Why Who What Where When and How ?
Why is it called Storm Water?
Because Storm Water begins its life as precipitation, the rain falling from a storm.
However, even if it never rained, we would still have to worry about the issues associated with Storm Water. Watering your lawn can cause any chemicals applied to the lawn, or in the gutters of the street, to flow down into the storm drain systems. That is why it important to NOT place potentially harmful substances down storm drains. Those substances will travel straight to a lake or stream
The fact that Storm Water enters our lakes and streams directly, without being treated, is why it is such an issue. Denton County is one of the fastest growing areas in the nation, which makes storm water pollution a priority in our area. The total population for Denton County is projected to exceed 1 million by 2030, that is only 25 years to more than double the current population of people living inside the county boundary. This means that more storm sewer systems will be installed. Urban Storm Water runoff is now seen as one of the primary sources of water pollution across the United States. While Storm Water does enter our lakes and streams untreated, it does not have to enter them polluted. It is up to each of us to do our part to keep our water clean. If we take it personally, and keep harmful substances out of our storm drains, street gutters, ditches, fields and lawns, the water that enters our lakes and streams will be no more polluted than the rain that fell from the clouds.
Who is responsible for Storm Water?
Within Denton County there are several groups, companies, and governmental agencies responsible for keeping our waters clean. However, the individual is the person who can have the greatest influence on keeping our water clean.
Denton County is held responsible for contaminated Storm Water once it enters a County owned MS4. However, the County is working hard with other organizations, governments, and companies to keep pollutants out of water. The County is also committed to working with individuals and others to get the message out to the general public. Lawn chemicals, soaps, discarded appliances and other electronics, paints, oil, antifreeze, and many other substances can enter our waterways and affect the quality of our water. The primary source of these pollutants are households. They enter our waterways when individual citizens dispose of these substances improperly, or do not follow the application recommendations.
What is the Storm Water Management Program?
Denton County has been identified by the EPA and TCEQ as a regulated small MS4. The Denton County Storm Water Management Program is the document presented to TCEQ that shows how Denton County plans to improve the quality of Storm Water entering our waterways.
Different departments within Denton County are working together to reduce the potential for Storm Water pollution. Some employees will be looking for problems while driving through the County. Other employees will be keeping track of training events that help spread the message about Storm Water. Other employees are responsible for making sure the County is in compliance with State Regulations. Included in the Storm Water Management Program is an effort to raise individual awareness about everyone can take to reduce pollution.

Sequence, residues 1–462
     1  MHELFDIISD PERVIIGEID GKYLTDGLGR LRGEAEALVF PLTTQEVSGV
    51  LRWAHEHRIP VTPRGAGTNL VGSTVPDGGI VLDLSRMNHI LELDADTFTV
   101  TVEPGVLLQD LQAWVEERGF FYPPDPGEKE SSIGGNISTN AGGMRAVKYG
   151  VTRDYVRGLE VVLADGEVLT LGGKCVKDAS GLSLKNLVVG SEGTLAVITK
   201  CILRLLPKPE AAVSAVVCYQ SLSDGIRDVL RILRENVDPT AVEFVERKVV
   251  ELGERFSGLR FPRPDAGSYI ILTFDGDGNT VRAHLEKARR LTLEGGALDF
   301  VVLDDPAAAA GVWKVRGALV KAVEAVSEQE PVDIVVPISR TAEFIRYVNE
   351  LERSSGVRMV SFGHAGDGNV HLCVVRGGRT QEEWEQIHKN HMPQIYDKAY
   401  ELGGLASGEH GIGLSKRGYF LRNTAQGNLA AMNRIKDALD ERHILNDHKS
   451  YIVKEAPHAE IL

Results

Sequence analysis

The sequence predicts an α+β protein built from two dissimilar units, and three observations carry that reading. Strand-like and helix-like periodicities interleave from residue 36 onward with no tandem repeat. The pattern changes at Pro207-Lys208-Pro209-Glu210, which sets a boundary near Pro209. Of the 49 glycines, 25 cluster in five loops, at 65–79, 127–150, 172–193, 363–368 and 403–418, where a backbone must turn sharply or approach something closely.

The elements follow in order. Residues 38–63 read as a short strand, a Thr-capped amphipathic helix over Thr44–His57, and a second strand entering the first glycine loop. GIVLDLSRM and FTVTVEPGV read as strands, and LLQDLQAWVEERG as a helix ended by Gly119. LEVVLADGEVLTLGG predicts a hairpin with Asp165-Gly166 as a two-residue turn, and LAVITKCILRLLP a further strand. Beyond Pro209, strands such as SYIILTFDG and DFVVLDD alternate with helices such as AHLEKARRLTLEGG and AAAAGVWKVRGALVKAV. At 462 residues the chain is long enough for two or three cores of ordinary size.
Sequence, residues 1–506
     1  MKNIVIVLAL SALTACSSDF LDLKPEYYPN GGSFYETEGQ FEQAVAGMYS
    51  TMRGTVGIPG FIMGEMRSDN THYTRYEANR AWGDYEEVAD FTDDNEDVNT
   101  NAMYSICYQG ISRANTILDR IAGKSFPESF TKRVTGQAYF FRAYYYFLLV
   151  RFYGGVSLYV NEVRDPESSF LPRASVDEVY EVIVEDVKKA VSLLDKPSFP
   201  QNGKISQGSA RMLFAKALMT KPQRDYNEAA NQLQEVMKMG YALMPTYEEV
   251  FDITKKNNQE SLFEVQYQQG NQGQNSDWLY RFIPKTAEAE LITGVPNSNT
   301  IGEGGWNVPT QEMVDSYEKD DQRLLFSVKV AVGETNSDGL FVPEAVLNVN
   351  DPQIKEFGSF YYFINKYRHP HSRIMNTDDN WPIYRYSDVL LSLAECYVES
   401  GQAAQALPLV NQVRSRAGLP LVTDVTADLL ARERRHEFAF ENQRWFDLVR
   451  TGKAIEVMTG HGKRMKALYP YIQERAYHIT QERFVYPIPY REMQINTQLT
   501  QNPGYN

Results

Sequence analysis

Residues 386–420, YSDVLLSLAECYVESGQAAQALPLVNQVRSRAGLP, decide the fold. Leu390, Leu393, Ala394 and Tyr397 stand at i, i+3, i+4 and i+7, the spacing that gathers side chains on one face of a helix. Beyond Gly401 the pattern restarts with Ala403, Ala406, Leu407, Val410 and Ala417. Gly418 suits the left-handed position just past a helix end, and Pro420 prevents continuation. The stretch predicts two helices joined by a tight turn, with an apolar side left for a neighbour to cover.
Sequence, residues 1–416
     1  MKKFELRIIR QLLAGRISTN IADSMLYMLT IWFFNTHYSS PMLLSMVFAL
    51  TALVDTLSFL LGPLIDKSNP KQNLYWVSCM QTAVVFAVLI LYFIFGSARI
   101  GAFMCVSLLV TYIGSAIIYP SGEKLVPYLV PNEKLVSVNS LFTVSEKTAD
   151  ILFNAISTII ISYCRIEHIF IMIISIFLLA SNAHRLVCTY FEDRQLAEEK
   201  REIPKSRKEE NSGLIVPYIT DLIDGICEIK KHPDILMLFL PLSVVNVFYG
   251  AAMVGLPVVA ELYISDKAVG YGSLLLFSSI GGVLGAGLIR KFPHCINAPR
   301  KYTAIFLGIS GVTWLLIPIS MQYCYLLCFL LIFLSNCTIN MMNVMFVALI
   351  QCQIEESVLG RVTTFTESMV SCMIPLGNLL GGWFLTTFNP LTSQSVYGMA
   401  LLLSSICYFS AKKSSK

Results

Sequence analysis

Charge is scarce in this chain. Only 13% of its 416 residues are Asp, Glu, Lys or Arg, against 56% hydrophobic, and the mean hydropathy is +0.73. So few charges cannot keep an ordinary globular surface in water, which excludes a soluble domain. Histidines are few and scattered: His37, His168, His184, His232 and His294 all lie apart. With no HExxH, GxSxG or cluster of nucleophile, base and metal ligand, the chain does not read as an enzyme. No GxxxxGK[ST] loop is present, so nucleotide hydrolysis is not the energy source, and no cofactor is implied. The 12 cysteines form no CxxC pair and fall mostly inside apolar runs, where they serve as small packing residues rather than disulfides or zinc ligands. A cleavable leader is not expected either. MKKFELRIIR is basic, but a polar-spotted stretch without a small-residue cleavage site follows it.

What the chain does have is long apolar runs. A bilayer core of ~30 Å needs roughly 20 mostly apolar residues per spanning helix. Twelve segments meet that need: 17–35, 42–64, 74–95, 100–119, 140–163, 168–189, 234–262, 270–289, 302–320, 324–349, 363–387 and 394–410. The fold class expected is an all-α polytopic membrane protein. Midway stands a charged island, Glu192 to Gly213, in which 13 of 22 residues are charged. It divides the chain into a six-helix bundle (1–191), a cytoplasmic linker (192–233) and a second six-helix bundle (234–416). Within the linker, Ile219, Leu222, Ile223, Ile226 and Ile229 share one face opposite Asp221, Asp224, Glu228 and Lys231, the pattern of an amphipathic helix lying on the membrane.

Where is the Storm Water Management Program being implemented?
Across the entire unincorporated County area.
While there will be focus areas within the unincorporated areas, it is important that the County begin implementing the program over as broad an area as possible, particularly in the area of raising awareness. With the speed development is occurring, it benefits the citizens and the County if the adjacent residents understand the impacts of Storm Water runoff, as well as the families moving into new homes in the more densely populated areas. It should also be noted that other cities within the County have programs similar to those the County has created. These cities are responsible for the Storm Water Programs within their municipal boundaries, but have limited influence on the areas surrounding them. The County will work with these cities to reduce duplicate efforts and to maximize the effectiveness of all programs.
When will all of this happen?
Many of the measures were in place before the EPA regulations were passed. The EPA has since passed administration of the program on to TCEQ. The County is still waiting for the State to release the final regulation, and once that occurs, Denton County will have three months to submit its permit application to TCEQ.
Even though the County is waiting for the final regulation to be released by TCEQ, we are moving forward with implementing even more of components of the program than were in place beforehand. Denton County is participating in many programs with the North Central Texas Council of Governments. The NCTCOG is able to approach Storm Water issues on a more regional scale, and brings together people from different organizations to share ideas.
How is the program going to be implemented?
The buttons across the top of the page contain information how the County is going to implement the program using 6 different Minimum Control Measures.
There are different actions, or Best Management Practices, under each of the control measures. The TCEQ requires the County to address each of the control measures, but leaves the actual actions to be taken up to the County. By working with others in the area who have been doing this for a while, the County is able to gain information on what has worked and what hasn't, and how best to implement the different actions to maximize effectiveness. By creating partnerships and coordinating efforts, the County is also able to maximize effectiveness and reduce cost.